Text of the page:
Death Cap – Sixteen – A Murder Which is Profitless Does Not Need to be Devoid of Amusement
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Death Cap - Sixteen - A Murder Which is Profitless Does Not Need to be Devoid of Amusement

“So, why do they call him Dogbeater?” I asked as I checked down both ends of the street. Dregs insisted on taking the alleys and backstreets, which was probably wise. There wasn’t nearly as much traffic down those.

“I’ll give you three guesses. First two don’t count.”

I shook my head. “That’s messed up,” I said. “Why do they keep him employed if he’s known for beating up dogs?”

Dregs grinned. It was an ugly sort of smile, with too many teeth. “Because that’s his job. The Bluertons will sometimes have dogs with them when they bust protests. Dogs can chase people down, and they can go low while most humans fight high. Then there’s the mad dogs.”

“I imagine that I’m about to be horrified; go on.”

Dregs nodded along, as if he expected that. “See. Sometimes a protest is small enough that the Bluertons showing up in force makes them look stupid. They’re all about saving face. And sometimes they need to be... well, they need to make it look like they’re not responsible for breaking up a protest. So they’ll train these big dogs. Give them a few potions so that they can heal over time, make them faster and meaner. Then, they let the dog loose near the protest. Mad dog runs to the protestors and rips a few throats and no one can point a finger to anyone. Just a mad mutt.”

“Holy shit,” I muttered.

“Nothing holy about it,” Dregs said. “Dogbeater’s the one who trains those. No one likes him.” Dregs pointed to an alleyway, and I followed him in. I was... actually starting to trust the hobgoblin, a little bit. He was a loose cannon, but his violence was mostly aimed in the same direction that mine was.

“Right. So how do you want to do this?” I asked.

The hobgoblin looked at me. “This is your show. I’m not allowed to just murder the Bluertons. I’m just showing you the place. Maybe giving you a bit of a hand. You’re a little short to scale a fence.”

I sniffed. “Fine then. Tell me about his place, at least?”

“Don’t know much about it. Just a shack like the rest of you humans live in. Got a place next to it for the cages.”

“Where I imagine he keeps his dogs,” I said.


I thought a bit as we walked across the city. Surprisingly, we were heading towards the nicer slums, where the homes were a bit bigger and built more recently.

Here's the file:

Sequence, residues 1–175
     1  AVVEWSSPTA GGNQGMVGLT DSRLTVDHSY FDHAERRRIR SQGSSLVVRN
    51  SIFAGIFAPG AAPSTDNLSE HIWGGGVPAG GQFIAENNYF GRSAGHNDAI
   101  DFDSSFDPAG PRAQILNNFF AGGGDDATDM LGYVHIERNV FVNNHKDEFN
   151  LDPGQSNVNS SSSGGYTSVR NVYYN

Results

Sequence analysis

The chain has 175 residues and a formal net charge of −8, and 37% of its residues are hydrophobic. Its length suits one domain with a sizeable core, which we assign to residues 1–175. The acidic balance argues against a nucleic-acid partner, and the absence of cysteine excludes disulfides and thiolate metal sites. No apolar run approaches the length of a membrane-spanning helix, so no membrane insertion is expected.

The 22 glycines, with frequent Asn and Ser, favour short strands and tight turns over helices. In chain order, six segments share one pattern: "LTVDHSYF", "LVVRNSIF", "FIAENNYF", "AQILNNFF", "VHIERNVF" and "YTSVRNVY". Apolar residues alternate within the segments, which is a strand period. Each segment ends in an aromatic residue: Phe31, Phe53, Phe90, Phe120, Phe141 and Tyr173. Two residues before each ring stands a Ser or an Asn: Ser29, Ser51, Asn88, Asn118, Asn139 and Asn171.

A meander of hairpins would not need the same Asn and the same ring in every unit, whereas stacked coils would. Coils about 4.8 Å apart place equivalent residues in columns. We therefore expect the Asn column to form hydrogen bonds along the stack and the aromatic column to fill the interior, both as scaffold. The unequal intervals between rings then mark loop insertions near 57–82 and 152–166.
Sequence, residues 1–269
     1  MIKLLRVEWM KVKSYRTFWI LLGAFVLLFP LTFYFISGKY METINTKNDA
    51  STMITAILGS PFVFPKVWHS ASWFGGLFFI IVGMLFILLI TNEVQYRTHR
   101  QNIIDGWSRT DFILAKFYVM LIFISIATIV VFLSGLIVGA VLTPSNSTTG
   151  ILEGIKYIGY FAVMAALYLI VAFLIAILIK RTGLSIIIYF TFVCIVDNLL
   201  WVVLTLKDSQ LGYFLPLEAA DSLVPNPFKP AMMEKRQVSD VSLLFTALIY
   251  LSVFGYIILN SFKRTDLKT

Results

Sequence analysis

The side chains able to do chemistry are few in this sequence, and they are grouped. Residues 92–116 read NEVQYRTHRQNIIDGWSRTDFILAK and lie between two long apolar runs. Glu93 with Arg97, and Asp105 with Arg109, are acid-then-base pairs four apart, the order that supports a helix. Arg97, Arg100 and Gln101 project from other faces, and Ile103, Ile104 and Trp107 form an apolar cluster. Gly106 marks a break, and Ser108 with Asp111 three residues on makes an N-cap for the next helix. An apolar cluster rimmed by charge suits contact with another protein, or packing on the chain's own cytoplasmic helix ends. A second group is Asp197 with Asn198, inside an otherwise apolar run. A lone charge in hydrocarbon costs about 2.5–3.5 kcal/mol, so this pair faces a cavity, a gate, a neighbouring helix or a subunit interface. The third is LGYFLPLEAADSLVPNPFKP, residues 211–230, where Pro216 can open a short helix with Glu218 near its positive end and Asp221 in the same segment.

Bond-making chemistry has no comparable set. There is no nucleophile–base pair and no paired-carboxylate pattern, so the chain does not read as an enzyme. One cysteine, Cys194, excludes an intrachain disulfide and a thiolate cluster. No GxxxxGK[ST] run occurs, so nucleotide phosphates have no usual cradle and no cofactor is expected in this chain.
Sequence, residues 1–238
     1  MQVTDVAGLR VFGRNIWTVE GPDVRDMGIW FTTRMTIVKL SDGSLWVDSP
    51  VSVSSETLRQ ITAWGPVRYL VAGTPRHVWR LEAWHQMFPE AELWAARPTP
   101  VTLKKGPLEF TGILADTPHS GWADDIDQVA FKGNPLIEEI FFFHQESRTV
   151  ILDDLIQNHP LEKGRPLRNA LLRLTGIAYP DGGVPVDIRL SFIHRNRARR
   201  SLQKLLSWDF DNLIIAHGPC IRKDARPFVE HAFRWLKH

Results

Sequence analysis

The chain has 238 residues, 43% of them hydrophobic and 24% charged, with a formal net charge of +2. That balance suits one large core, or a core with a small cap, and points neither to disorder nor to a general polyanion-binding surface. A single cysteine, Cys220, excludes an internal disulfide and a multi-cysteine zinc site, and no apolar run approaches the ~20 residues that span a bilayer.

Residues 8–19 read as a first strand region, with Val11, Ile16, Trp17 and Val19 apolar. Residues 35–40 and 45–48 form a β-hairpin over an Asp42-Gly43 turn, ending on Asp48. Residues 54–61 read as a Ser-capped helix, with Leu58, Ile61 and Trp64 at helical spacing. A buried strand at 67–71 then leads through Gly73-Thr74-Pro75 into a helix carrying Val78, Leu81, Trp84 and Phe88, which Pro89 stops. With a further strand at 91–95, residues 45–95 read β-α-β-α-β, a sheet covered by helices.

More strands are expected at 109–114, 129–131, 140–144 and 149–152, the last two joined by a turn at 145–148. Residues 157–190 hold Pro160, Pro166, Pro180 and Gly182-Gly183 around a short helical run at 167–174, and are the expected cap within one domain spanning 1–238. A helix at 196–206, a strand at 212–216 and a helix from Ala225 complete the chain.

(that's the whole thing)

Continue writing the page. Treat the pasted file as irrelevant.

Eventually Dregs pointed to a building. One story, which was unusual, and with a decent footprint. There was a rusty tin fence around the property with an alley on one side. The home itself wasn’t impressive. Back on Earth it would hardly qualify as a shed, but I supposed that in City Nineteen’s slums it might as well be a mcmansion.

There were skulls hanging off the sides of the fence, one every junction. Mostly dog skulls, a few cats maybe, and others that I didn’t recognize. No one had grabbed them.

“Let’s walk around the place,” I muttered while unwinding my scarf. It would make me a bit colder, but... “Here, put this on.”

Dregs caught the scarf and looked at me. “Why?”

“I’m some random slum kid. Dime a dozen. You’re a hobgoblin. Not as common. If someone reports what they saw, it’ll be easier to find us if they recognize you than me.”

“That’s halfway clever,” Dregs said as he wrapped the scarf around his face and head, turning it into a sort of hood. He tugged up a cloth mask from around his neck and covered his mouth and nose with it.

He looked... like a poorly proportioned child, or maybe a teenager. It would work at a glance though, which is what mattered.

“Does Dogbeater live alone?” I asked.

“He doesn’t have a wife or kids,” Dregs said. “I heard that he sleeps with his dogs.”

I felt a little sick and decided to assume that he wasn’t implying what I thought he was implying. I checked the shack out. It had an angled roof with a single chimney atop it, currently puffing out a decent amount of the kind of smoke that came from cleaner-burning sorts of coal. This guy had a yard to his house. Sure, his home was made of tin and rust, but he had windows and a roof that looked intact. He was living well.

We slid closer to the wall, and I tried to find a gap in the fence. There wasn’t much though. “I need a boost,” I said.